The @Injectable syntax (see examples above) was introduced in Angular 6 (a year ago, which is ages in the Angular world) and all devs need to switch to it, because it enables tree-shaking of the service if nothing injects it. I hope, the Angular team will remove the need for NgModules in future versions or at least will make them less annoying (pull request for that).

Still have questions? Read more in Hierarchical Dependency Injectors.

5. Lack of meaningful unit tests

Test stubs in the production code

Angular CLI encourages to write unit tests by spaning out *.spec.ts files with every created component. However, don’t leave them empty or be satisfied by configuring the TestBed with component initialisation without actual tests.

If devs don’t write tests, then absence of a test file would clearly indicate the state of affairs to other devs, rather than misleading them by giving a false sense of security with a rudimental *.spec.ts file.

Testing what’s easier to test, rather than fragile parts

Not all tests are equally valuable to the project. Any code (including tests) is maintenance burden and its presence needs to be justified.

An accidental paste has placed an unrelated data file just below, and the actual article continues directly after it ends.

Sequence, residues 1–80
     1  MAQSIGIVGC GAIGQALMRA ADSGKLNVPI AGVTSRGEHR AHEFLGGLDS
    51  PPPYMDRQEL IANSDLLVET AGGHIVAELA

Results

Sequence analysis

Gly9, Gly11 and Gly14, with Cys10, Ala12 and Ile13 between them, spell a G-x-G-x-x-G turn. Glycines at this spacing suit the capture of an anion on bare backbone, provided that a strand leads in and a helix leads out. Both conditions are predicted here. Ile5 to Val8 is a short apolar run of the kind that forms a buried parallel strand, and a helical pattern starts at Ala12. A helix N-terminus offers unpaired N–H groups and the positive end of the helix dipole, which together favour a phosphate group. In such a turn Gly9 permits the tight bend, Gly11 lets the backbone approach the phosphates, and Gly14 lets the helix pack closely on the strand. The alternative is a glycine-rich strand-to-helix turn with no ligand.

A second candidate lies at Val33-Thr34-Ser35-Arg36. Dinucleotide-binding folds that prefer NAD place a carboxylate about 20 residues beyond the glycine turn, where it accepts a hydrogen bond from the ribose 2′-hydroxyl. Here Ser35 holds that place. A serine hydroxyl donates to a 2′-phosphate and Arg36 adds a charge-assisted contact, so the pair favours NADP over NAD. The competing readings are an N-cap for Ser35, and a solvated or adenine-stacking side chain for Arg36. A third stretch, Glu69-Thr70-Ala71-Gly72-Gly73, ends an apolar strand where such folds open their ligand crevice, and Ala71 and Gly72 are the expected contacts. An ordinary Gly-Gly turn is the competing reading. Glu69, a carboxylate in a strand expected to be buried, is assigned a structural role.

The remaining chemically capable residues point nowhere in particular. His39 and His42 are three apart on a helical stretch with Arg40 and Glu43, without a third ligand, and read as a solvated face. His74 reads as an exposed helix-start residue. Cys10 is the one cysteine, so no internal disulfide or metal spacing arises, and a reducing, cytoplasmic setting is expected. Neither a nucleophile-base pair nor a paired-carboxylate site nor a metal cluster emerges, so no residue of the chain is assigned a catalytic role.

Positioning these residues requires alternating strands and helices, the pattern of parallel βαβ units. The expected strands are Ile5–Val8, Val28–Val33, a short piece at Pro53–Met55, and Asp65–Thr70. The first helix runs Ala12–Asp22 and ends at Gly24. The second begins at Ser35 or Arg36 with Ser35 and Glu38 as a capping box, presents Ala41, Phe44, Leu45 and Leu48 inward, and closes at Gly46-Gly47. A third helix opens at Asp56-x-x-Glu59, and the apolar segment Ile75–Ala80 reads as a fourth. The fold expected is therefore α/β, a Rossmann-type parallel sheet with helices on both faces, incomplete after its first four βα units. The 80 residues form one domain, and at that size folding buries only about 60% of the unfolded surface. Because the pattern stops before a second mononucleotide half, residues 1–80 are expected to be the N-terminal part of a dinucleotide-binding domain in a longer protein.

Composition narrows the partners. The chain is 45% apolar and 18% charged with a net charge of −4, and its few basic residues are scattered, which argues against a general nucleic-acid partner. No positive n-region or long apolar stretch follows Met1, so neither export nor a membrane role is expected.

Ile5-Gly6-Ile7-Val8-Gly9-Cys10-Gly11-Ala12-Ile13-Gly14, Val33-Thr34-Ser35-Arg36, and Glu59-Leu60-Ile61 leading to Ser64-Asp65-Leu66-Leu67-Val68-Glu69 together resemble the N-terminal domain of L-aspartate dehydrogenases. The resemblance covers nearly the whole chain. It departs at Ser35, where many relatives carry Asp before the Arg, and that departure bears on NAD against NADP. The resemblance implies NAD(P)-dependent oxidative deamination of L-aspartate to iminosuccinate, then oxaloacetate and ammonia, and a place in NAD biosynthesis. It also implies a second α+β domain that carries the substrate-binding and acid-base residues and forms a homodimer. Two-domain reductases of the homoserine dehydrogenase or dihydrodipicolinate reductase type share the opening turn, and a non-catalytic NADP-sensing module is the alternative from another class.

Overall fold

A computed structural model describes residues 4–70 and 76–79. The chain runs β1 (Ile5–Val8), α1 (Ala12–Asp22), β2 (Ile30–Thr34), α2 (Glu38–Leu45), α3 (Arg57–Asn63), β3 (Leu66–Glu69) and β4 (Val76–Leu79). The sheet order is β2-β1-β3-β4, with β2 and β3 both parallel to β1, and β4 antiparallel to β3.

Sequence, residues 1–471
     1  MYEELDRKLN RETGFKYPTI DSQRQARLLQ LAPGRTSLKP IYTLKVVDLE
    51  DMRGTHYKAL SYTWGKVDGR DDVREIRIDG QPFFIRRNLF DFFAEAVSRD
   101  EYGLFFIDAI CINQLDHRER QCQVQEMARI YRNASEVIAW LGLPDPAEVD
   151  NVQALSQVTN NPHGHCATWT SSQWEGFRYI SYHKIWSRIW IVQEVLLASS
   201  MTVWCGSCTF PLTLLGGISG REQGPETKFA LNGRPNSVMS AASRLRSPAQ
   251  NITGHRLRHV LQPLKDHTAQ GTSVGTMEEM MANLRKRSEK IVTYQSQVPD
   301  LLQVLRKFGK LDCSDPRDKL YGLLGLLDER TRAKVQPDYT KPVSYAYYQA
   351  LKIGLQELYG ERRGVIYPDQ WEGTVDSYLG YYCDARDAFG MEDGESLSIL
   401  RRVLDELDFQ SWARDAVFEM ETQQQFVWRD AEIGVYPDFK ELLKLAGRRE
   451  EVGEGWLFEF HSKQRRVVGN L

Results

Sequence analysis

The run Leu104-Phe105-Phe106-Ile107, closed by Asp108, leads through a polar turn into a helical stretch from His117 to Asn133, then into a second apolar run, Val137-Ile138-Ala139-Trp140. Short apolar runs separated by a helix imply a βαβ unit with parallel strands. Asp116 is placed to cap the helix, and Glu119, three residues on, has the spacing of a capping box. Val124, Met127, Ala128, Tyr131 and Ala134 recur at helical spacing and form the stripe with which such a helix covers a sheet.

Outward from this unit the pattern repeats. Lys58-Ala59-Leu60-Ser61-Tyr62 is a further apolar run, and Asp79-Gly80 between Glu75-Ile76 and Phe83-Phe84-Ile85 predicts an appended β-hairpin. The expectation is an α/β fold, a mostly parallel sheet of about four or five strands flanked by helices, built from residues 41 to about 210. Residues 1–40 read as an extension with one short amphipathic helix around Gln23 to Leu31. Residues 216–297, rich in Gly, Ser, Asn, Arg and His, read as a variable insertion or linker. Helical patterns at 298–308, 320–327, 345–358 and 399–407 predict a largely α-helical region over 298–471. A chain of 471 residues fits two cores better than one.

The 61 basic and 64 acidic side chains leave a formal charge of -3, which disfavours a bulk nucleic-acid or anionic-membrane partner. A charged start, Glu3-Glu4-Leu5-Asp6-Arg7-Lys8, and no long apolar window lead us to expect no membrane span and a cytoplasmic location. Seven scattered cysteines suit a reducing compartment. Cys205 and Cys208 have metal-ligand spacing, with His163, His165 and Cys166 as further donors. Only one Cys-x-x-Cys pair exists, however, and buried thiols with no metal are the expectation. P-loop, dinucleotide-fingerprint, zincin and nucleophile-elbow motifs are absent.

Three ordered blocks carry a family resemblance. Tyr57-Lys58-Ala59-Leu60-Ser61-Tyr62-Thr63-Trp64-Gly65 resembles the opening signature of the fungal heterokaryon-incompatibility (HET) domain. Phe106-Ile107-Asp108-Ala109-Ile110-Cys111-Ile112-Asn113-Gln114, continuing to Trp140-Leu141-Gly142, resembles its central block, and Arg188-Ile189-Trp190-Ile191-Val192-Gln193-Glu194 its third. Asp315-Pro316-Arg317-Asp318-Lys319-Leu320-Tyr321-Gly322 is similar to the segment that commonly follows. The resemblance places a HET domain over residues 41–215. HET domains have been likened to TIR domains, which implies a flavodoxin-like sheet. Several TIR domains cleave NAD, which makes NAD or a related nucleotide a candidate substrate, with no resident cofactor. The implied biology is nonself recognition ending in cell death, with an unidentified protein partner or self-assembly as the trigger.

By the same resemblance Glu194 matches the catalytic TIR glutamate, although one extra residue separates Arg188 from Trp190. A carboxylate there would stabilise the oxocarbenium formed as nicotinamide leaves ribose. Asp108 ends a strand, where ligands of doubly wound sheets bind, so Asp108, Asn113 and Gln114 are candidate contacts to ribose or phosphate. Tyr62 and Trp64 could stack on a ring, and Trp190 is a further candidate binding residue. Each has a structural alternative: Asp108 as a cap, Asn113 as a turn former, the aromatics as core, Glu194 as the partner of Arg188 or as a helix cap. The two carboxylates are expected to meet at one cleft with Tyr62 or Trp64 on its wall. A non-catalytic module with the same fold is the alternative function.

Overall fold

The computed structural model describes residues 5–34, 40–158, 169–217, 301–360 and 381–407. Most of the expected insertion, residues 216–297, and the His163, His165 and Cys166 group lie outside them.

Devs need to cover with tests the most fragile parts, rather than covering what’s easier to test. Pay attention to the inputs and outputs of the components, user interaction and used services. Gather some ideas from Angular Testing Recipes on GitHub.

6. Poorly structured CSS/SCSS

Excessive use of deep selectors (::ng-deep)

Usage of ::ng-deep to overwrite styles in other components is incredibly popular. In spite of being a working solution, it’s marked as deprecated since v4.3. Though, it isn’t going away until Angular implements ::part() and ::theme() from the CSS Shadow Parts spec (ticket for that), as there is no better alternative (see this discussion).

Regardless of its feature, ::ng-deep is used way more often than it should. At least consider alternatives before adding deep selectors: